Arguments contented by the learned Senior Counsel and Amicus Curiae, Mr. R. Venkataramani
According to Shri R. Venkataramani, who contended as an amicus curiae, both of the prior rulings found that the clauses are of a future character, hence there is no inconsistency between these rulings. He argued that the Amendment Act, not the fact that she was born, is the only reason why a daughter is treated equally to a boy in terms of coparcenary rights.

If the father/coparcener is no longer alive, the daughter will not inherit the remaining coparcenary stake.
His arguments state that if the law is applied to the daughter as if she were a co-defendant prior to September 9, 2005, there will be a great deal of doubt. He claims that the parliament's objective is to move toward the future and that it has no desire to revisit the past or scramble an uncooked egg.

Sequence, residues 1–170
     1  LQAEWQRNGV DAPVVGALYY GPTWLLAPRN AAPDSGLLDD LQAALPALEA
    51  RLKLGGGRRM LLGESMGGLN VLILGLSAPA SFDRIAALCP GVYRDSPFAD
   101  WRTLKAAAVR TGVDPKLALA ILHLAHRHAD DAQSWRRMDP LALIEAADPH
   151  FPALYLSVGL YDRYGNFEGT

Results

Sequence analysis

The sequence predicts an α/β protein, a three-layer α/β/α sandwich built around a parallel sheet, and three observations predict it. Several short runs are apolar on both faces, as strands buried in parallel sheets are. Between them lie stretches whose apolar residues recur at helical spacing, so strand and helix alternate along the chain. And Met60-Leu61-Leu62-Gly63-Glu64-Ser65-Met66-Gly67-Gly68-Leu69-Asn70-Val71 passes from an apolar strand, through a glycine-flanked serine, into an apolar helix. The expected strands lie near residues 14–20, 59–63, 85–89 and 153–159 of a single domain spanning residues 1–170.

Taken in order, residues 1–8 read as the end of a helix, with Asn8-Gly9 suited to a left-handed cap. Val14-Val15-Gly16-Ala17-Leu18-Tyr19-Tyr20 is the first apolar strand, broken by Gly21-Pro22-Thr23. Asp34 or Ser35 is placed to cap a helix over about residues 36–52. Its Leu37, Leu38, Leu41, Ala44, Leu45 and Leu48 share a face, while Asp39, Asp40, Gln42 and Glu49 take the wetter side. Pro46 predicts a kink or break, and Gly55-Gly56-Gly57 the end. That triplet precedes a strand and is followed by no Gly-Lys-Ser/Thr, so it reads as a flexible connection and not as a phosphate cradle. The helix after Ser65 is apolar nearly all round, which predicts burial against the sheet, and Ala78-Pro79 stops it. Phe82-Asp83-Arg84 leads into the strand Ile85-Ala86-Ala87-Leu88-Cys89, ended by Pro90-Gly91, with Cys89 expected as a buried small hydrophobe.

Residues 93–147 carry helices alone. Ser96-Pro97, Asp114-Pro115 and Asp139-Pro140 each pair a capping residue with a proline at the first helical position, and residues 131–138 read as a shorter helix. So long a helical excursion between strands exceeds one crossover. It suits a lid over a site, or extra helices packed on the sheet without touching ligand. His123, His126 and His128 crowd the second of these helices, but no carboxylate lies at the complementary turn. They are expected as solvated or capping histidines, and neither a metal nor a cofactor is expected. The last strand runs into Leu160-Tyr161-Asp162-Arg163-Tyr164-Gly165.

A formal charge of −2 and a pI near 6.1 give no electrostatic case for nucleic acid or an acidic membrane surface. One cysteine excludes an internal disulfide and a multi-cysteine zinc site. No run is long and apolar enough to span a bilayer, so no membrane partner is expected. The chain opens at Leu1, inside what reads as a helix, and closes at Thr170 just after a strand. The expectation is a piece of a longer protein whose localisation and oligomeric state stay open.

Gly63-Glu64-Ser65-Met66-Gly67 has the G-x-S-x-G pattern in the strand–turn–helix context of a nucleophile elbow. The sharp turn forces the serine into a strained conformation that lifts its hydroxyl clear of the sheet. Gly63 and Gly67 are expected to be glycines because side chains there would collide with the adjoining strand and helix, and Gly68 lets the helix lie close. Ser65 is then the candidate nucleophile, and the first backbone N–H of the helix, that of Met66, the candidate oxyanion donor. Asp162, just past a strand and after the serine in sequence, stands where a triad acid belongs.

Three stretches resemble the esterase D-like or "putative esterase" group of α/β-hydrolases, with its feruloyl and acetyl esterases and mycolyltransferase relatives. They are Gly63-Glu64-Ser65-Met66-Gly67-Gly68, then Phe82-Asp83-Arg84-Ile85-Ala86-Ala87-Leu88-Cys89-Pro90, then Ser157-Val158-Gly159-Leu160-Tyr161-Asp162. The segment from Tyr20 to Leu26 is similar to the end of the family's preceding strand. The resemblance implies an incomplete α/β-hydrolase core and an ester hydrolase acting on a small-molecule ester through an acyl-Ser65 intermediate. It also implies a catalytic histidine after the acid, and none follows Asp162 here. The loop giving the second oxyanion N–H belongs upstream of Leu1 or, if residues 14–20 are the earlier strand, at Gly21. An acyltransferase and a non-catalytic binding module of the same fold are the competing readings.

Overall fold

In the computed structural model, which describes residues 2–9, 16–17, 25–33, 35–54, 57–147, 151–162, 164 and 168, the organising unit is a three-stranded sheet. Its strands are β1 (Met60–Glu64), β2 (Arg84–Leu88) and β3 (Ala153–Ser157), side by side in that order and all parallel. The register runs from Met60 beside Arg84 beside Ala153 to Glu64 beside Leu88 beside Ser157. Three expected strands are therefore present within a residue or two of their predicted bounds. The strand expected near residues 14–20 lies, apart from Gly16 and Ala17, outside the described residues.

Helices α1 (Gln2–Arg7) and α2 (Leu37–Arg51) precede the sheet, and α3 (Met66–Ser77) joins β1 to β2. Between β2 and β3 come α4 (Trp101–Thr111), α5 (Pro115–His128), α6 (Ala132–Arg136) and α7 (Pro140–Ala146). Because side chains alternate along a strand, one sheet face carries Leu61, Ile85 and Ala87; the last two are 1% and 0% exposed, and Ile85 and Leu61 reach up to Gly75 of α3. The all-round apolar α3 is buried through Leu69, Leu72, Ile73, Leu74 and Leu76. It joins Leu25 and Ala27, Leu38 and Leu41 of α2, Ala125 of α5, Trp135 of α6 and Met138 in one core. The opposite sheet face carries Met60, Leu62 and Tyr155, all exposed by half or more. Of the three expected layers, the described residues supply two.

According to Shri V.V.S. Rao, an amicus curia, the future perfect tense and plain language have equal rights, and phrases like "on and from" in section 6(1) of the Hindu Succession Act, 1956[7] and "become," "have," and "be" show that the parliament intended to apply the Amendment Act's provisions prospectively rather than retrospectively.

A daughter to become the coparcener, it is not required that a daughter be born before 2005, i.e., a daughter born before or after 2005, can be considered as a coparcener. He further contended that the coparcener or the father should be alive as on 9th November 2005, as if in any case the coparcenary is being disrupted by either the act of a party or the death of any one or more parties, then there will be no coparcenary property, that can be inherited by the daughter.